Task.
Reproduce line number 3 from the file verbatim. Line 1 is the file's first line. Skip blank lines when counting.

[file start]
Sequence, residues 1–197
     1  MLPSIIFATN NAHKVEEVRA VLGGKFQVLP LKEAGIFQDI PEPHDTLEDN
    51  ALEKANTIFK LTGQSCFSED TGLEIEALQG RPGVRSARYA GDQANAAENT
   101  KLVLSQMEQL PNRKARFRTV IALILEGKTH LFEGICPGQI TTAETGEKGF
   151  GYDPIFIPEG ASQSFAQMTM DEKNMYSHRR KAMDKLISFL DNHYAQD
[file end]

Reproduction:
    51  ALEKANTIFK LTGQSCFSED TGLEIEALQG RPGVRSARYA GDQANAAENT